A maternity hospital has defended its policy of detaining new mothers who can't pay their bills.
One woman says she was detained for nine months and was released only after going on a hunger strike, while others claim they were beaten with sticks by guards.
But Lazarus Omondi, the director of the Pumwani Maternity Hospital in Nairobi, Kenya, has insisted it's the only way he can keep his medical centre running.
"We hold you and squeeze you until we get what we can get. We must be self-sufficient," Mr Omondi said.
"The hospital must get money to pay electricity, to pay water. We must pay our doctors and our workers."
"They stay there until they pay. They must pay," said Mr Omondi, whose hospital delivers an average of 350 babies each week.
A New York-based group, the Centre for Reproductive Rights, has now filed a lawsuit in the High Court of Kenya aimed at stopping the practice of detaining mothers.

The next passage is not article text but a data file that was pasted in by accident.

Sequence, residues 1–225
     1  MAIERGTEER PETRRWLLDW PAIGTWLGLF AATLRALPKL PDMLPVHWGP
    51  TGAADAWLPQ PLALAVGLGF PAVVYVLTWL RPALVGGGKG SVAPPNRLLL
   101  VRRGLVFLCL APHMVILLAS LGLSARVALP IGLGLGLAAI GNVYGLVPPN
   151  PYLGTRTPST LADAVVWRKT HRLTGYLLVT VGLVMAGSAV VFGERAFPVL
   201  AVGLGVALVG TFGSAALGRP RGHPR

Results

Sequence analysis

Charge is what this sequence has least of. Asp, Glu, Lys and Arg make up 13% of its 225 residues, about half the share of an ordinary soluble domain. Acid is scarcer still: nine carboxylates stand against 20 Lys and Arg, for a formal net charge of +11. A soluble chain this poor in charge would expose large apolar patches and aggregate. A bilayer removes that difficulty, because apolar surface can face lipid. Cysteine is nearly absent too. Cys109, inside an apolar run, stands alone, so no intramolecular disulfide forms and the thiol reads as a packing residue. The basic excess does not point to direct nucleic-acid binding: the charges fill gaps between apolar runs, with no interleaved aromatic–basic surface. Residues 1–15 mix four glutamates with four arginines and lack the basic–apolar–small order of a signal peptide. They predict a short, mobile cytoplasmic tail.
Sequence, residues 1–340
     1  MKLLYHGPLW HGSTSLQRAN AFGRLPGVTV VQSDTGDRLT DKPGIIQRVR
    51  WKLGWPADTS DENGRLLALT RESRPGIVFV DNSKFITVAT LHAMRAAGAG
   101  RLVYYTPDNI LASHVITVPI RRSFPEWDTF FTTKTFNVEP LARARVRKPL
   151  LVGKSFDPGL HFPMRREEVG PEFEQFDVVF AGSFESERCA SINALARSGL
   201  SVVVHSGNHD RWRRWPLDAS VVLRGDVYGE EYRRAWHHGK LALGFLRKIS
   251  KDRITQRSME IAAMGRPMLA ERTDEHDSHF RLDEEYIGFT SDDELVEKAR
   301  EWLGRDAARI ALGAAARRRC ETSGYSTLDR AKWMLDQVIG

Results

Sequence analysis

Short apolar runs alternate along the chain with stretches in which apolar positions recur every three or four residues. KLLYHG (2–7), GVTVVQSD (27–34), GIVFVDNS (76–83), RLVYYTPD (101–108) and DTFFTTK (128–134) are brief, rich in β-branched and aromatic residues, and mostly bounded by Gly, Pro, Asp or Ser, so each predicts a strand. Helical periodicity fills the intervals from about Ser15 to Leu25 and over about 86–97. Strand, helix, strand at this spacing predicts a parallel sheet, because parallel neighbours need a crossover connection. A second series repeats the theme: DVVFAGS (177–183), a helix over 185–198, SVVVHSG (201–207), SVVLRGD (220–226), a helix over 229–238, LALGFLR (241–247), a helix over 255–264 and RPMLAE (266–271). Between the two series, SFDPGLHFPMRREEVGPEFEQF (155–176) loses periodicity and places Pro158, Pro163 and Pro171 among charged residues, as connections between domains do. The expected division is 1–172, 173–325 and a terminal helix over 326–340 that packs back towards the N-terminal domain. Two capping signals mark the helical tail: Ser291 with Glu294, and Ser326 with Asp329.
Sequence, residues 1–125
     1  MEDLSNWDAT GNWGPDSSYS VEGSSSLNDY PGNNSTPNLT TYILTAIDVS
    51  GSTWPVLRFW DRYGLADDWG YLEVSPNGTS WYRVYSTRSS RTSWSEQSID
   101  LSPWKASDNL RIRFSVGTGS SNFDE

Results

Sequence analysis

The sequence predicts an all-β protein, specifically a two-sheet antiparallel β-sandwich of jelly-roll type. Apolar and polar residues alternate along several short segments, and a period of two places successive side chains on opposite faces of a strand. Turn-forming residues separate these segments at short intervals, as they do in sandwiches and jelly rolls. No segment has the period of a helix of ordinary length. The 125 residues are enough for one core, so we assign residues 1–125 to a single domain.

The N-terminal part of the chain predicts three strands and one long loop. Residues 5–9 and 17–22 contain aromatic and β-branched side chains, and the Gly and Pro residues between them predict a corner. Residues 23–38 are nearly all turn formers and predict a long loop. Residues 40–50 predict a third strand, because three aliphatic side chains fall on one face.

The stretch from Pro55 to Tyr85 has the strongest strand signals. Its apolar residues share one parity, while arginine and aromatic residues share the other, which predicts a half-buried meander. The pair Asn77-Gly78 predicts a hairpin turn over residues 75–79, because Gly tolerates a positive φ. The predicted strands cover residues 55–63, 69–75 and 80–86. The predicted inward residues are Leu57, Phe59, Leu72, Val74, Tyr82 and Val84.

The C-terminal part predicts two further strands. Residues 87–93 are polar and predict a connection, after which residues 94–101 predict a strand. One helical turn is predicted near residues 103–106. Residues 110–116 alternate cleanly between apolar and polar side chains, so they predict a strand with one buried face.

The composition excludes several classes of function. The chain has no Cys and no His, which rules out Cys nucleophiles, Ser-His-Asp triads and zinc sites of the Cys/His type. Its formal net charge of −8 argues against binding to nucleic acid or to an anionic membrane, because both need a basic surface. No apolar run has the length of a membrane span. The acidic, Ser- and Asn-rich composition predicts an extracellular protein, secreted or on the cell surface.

One woman named in the lawsuit said she couldn't pay the $60 (€45) bill after giving birth, and was held with what she believes were about 60 other women and their infants.
"We were sleeping three to a bed, sometimes four," said mother-of-four Maimouna Awuor.
She said some of the women tried to flee but they were beaten by the guards and turned back.
While her husband worked at a faraway refugee camp, Ms Awuor's nine-year-old daughter took care of her siblings.
She says she was released after 20 days when Nairobi's mayor paid her bill.